Charles Clarence "Clare" Laking, one of Canada's five surviving World War I veterans and the last who saw action, has died. He was 106.
Laking died Saturday at a Toronto hospital of natural causes associated with aging.
The Ontario farm boy served two years in France as a signaler with the Canadian Field Artillery 27th Battery, stringing and repairing field telephone wire along the trenches. His duties included frontline observation of enemy gun installations and where Canadian shells were landing. He phoned the information to his own troops at the rear, helping gunners direct their shots.
The assignment put him in harm's way repeatedly. A fragment from either a shell or masonry debris once dented his helmet and knocked him out, and he was hospitalized with shrapnel wounds when the armistice took effect Nov. 11, 1918.
Laking's death leaves four remaining Canadian veterans of the Great War -- William Proctor, 106; Lloyd Clemett and John Babcock, both 105; and Dwight Wilson, 104. Canada sent 650,000 troops to fight in World War I, and 68,000 died in the conflict.
Troubled by nighttime memories of exploding shells and wounded buddies, Laking preferred other thoughts, as he said on Canadian Television in 1998: "The best feeling I had ... was passing through the liberated villages and the people coming out and waving and cheering and throwing flowers at us."
Decades after his wartime service, Laking was awarded the French Legion of Honor and the Golden Jubilee Medal.
Laking regularly attended meetings of "old sweats," the nickname for Canadian war veterans. He drove until he was 102, walked a mile a day and kept his season tickets to the Toronto Maple Leafs until he was 100.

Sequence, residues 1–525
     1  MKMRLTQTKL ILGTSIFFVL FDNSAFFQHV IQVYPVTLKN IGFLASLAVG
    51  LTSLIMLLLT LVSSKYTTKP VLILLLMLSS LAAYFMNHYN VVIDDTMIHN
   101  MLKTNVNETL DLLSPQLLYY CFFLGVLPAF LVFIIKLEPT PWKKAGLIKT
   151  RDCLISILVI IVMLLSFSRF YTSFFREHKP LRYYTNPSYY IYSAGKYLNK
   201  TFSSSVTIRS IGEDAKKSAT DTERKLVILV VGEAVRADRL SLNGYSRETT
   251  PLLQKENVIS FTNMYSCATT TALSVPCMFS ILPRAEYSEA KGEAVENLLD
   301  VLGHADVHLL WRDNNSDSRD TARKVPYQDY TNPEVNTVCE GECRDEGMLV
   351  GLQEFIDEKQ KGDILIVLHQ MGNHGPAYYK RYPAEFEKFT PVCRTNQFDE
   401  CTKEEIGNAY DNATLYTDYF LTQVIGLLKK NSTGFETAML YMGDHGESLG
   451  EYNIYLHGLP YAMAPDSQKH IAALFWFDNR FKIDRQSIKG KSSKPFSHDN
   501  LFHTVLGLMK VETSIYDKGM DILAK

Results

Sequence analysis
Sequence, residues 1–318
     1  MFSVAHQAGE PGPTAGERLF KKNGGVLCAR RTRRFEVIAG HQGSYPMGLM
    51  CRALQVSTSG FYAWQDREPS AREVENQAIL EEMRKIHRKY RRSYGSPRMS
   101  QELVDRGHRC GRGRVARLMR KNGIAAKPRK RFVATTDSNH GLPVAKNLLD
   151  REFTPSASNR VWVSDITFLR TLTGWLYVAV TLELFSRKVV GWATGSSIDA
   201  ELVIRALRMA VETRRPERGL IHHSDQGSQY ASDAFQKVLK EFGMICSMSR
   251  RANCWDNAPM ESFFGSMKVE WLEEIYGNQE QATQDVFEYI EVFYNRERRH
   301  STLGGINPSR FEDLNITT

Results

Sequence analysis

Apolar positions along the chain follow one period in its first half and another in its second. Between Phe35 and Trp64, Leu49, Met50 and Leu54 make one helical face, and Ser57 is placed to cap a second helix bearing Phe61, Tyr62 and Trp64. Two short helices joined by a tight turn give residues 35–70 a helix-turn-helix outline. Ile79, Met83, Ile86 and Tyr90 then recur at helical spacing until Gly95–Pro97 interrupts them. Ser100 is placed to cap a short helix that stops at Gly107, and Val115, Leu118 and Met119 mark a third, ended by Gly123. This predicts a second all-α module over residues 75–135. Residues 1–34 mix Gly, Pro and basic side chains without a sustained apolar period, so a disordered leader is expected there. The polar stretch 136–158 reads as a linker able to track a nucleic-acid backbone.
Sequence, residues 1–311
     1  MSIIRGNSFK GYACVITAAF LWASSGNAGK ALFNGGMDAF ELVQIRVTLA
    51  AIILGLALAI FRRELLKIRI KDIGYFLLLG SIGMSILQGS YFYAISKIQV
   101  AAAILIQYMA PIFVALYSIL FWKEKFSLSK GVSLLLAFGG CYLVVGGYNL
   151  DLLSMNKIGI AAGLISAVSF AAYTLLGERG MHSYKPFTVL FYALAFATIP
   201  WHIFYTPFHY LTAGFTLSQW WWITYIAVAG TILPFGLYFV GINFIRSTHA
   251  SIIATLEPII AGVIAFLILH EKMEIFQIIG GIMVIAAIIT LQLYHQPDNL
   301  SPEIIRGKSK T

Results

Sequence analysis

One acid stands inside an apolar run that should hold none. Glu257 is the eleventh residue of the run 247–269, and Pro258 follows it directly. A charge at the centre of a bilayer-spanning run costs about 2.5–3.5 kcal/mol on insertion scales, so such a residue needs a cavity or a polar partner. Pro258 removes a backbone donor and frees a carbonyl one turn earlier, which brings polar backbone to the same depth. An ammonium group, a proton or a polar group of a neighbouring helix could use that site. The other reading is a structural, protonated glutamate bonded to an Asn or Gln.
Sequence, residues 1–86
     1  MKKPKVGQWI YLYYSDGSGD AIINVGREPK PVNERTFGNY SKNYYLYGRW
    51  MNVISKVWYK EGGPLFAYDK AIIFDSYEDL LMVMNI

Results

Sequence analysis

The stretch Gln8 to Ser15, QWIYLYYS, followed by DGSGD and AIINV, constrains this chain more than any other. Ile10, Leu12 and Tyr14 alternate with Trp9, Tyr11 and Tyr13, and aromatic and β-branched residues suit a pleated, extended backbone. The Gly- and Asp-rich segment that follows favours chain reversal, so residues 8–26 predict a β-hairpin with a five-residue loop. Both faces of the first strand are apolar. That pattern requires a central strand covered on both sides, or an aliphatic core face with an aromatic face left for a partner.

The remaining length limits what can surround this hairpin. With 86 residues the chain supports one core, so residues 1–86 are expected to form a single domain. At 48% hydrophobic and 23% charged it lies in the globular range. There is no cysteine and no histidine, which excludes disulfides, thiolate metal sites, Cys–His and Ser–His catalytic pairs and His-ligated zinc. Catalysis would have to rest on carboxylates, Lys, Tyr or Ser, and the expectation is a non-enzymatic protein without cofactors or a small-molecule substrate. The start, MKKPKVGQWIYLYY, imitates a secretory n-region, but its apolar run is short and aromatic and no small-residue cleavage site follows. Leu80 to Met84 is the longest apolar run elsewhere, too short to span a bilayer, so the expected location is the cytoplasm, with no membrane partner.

The former soldier, always known for his wit, told the Toronto Sun in 2004: "Like that comedian said, 'If I had known I'd live to 100 years of age, I would have been a little more careful in my younger years.' I've lived dangerously all my life."
Born Feb. 21, 1899, on a farm near Campbellville, Ontario, Laking walked three miles to a one-room elementary school and later commuted by train to a business school in Hamilton. At 16, he got a job as a bookkeeper with the Bank of Nova Scotia in Campbellville.
Two years later, he hitched a ride to Guelph, Ontario, and enlisted in defiance of his Methodist minister father.
"I went against my father's wishes," he told the Toronto Globe and Mail newspaper a few years ago.
"He was dead against war, and he was getting under my skin. And it was in order -- as much as anything -- to shut him up that I enlisted."
At war's end, Laking worked in lumber businesses in Toronto until 1941 when he took over Danforth Wallboard and Insulation Ltd. He ran the company until his retirement in 1965.
Laking's wife, Helen, died in 1993. He is survived by their son, Keith, and daughter, Sheila Patterson; four grandchildren; and nine great-grandchildren.